5 Lessons I’m Taking with Me on the Continental Divide Trail
Editor’s note: At the height of the pandemic in 2020, The Trek’s policy was to not publish blog posts on trails where the managing organization specifically requested for thru-hikers to stay home—this included the PCT. We’re choosing to leave this particular post up so as not to eliminate a chance for meaningful dialogue. Please keep your comments respectful.
When I started the Pacific Crest Trail in March of 2020, it was only the second backpacking trip I had ever been on. Needless to say, there are a million things I learned in the five and a half months and 2600 miles of hiking. Other than the obvious adjustments to gear, maps, and planning, there are 5 things I learned that I want to take with me on this next hike.
1. Carry Less
This one seems pretty obvious, but for me, it was a learning curve. Weirdly, I realized that I always had exactly what I needed. Even after ditching tons of redundant gear and extra clothes, there was never a moment when I felt I was ill-equipped to deal with what the trail threw at me. Making it work with less is just a part of the challenge. This applies to mental loads as well. Plans change, people move on, and reality sucks, but days are easier when I leave all that heavy stuff behind.
2. First Impressions Suck
No matter if it was a new hiker I met or a new trail town I stayed in, I learned to give everything a chance. Some of the greatest people I met took time to grow on me. The same goes for places. One of my favorite nights on the trail was spent behind a strip mall, sleeping on a loading dock. First impressions are important, but I’ve learned to give second and third impressions the same weight and hold back the judgment and expectations when I’m hiking.
3. Just Eat It!
I have learned that being a picky eater is not good for trail life. It doesn’t matter what it is, where it came from, or if the label says “refrigerate after opening,” I just eat it! Food is food, and hiker hunger is real. If people are generous enough to offer me food, I smile and accept it gratefully (within reason). This is a demanding undertaking, and help and hope come from the most unlikely places.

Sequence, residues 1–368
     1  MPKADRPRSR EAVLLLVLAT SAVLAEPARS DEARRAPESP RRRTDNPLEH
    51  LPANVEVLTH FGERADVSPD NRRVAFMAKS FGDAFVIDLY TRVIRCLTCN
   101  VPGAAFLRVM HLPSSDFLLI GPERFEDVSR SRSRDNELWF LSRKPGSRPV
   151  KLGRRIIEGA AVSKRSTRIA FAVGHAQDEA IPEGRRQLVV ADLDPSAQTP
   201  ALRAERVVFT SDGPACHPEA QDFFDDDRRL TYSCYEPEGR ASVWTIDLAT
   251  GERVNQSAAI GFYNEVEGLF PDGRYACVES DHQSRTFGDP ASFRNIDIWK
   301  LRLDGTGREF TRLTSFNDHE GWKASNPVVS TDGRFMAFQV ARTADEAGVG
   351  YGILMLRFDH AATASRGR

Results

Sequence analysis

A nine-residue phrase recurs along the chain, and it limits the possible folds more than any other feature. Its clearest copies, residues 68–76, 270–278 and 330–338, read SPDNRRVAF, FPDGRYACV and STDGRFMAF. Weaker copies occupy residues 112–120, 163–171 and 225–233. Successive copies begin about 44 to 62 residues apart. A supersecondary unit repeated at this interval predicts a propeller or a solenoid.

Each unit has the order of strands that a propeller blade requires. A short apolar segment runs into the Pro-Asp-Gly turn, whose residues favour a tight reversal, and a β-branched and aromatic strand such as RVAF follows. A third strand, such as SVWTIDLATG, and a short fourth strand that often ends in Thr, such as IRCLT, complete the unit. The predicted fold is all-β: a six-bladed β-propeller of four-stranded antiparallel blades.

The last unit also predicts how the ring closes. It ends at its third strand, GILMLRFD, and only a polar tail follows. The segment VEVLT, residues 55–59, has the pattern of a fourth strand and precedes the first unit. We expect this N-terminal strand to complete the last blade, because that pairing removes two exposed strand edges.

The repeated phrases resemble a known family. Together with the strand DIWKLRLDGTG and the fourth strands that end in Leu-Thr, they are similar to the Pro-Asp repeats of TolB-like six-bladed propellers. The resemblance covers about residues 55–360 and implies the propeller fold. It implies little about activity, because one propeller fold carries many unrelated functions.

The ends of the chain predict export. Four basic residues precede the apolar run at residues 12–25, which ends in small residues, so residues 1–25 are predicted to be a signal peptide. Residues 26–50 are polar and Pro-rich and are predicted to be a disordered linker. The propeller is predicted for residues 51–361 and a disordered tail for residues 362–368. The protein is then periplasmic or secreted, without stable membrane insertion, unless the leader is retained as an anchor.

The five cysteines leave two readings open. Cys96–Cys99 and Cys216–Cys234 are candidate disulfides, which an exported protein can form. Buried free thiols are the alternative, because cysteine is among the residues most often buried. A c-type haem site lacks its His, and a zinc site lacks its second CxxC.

4. Feet First
Hiking 20 miles a day is painful. It’s even worse on sore feet. Taking care of my feet is my priority. When I take a break, I take off my shoes. At the end of the day, I wash and let my feet dry before slipping on my comfy sleeping socks. I replace my shoes as often as I can. For this upcoming hike, I’ve already bought six pairs of trail runners. I know my feet will be happy every time I trade the old for the new.
5. Take it Easy
This lesson applies in every aspect of thru-hiking. I need to take breaks when my body needs it. I need to stop and smell the roses when my brain needs it. When I face tough choices, I need to step back and breathe before freaking out. For me, hiking a long trail is not just to accomplish something and check it off the list. I love this lifestyle, and I need to enjoy it while it lasts. Through the heat, cold, mosquitos, bad weather, long days, and even longer nights, I like to remind myself that I missed this enough to do it again. I hike because I want to, and that means I’m going to love every single minute!
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